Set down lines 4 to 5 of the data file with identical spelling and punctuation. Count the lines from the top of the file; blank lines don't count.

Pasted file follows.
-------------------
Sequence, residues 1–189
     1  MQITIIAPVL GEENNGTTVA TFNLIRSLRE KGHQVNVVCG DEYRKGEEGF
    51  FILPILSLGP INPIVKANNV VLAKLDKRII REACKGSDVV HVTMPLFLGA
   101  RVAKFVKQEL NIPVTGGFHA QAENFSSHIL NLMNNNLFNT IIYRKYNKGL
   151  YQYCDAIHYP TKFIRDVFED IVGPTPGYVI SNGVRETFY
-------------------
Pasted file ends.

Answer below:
   101  RVAKFVKQEL NIPVTGGFHA QAENFSSHIL NLMNNNLFNT IIYRKYNKGL
   151  YQYCDAIHYP TKFIRDVFED IVGPTPGYVI SNGVRETFY